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Arnone, JA; Zaller, JG.
(2014): Earthworm effects on native grassland root system dynamics under natural and increased rainfall
FRONT PLANT SCI. 2014; 5: FullText FullText_BOKU

Earthworms (EWs) can modify soil structure and nutrient availability, and hence alter conditions for plant growth through their burrowing and casting activities. However, few studies have specifically quantified EW effects by experimentally manipulating earthworm densities (EWDs). In an earlier field study in native grassland ecosystems exposed to ambient and experimentally elevated rainfall(+280 mm year(-1), projected under some climate change scenarios), we found no effects of EWDs (37, 114, 169 EW m(-2)) and corresponding EW acitivity on aboveground net primary productivity (ANPP), even though soil nutrient availability likely increased with increasing EWDs. The lack of effects of EWDs on ANPP suggested that EWs may have adversely affected root systmes in that study in some way. The objective of the have adversely affected root systems in that study in some way. The objective of the present study was to quantify responses of root length density (RLD), using data collected from the same grassland plots during the earlier study. RLDs were highest in plots with low EWDs and decreased in plots with higher EWDs. Elevated rainfall primarily increased RLDs in the low EWD treatment (by almost +40%). Reductions in RLDs resulting from increased EWDs did not affect ANPP Our results indicate that elevating EWDs above ambient levels may limit root growth through large increases in soil bioturbation, but concurrent increases in cast production and nutrient availability may compensate for the suppression of root nutrient absorbing surface area leaving ANPP unchanged, but with shifts in growth (biomass) allocation toward shoots. Similarly, reductions in EWDs appeared to promote higher RLDs that increased soil nutrient foraging in soil with lower amounts of nutrients because of reduced casting activity. Amplified responses observed when rainfall during the growing season was increased suggest that EWDs may mainly affect RLDs and above- vs. belowground growth (biomass) allocation under climate changes that include more frequent wetter-than-average growing seasons.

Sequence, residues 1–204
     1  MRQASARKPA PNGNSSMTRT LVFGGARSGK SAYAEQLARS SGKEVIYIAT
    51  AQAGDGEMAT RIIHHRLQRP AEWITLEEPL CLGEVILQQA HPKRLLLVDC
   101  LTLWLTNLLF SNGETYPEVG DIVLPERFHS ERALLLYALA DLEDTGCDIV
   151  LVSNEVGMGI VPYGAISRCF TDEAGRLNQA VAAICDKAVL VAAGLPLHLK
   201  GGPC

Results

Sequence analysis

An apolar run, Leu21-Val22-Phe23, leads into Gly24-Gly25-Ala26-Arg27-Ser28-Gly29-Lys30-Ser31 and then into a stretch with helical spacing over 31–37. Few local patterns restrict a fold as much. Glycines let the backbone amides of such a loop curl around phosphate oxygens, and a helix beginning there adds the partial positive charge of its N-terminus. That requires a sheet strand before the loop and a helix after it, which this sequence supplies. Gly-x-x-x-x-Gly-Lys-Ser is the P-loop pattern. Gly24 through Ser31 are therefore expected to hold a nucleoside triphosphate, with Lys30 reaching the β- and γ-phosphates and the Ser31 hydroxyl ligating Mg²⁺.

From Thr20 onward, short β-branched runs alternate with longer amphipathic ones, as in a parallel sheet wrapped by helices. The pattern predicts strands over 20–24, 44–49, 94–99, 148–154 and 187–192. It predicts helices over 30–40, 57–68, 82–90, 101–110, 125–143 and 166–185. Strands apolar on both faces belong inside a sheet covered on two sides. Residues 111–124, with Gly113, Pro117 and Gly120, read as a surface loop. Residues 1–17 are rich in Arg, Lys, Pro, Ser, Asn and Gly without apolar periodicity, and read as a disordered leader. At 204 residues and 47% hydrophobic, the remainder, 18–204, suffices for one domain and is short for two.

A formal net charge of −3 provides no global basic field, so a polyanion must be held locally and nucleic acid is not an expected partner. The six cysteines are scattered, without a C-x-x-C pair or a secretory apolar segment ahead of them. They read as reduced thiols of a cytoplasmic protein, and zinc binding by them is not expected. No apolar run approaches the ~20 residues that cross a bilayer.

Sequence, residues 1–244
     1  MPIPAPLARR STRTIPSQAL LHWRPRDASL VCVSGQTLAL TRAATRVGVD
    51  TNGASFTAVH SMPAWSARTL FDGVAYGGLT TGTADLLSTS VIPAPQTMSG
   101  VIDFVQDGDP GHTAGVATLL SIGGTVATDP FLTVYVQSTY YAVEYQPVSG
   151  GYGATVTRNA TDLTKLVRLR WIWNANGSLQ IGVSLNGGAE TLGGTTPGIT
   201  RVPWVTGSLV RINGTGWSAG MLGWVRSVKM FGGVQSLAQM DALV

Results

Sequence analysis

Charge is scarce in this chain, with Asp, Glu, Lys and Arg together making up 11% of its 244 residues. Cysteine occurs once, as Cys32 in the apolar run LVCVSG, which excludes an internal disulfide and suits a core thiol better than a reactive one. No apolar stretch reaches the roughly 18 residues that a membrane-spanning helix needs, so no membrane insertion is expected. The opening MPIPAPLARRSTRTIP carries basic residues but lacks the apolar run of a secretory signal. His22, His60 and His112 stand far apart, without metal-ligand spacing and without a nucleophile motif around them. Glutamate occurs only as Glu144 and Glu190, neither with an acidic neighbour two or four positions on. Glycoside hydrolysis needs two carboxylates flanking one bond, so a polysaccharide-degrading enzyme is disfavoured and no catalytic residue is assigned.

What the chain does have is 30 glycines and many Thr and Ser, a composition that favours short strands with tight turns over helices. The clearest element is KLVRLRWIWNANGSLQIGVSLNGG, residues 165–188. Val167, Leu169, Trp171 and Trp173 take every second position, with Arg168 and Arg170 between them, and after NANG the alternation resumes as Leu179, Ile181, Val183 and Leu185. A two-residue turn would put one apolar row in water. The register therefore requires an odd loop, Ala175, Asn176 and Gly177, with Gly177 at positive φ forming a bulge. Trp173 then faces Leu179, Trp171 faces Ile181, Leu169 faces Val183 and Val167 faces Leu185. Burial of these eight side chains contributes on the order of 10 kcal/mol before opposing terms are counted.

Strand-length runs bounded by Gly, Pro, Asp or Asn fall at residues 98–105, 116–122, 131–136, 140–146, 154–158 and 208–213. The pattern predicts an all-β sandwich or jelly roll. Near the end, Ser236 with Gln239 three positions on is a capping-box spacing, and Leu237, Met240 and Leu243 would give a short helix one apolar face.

Authors BOKU Wien:
Zaller Johann

Find related publications in this database (Keywords)
belowground-aboveground interactions
grassland ecology
plant-animal interactions
root ecology
soil ecology
root growth
plant growth(biomass) allocation

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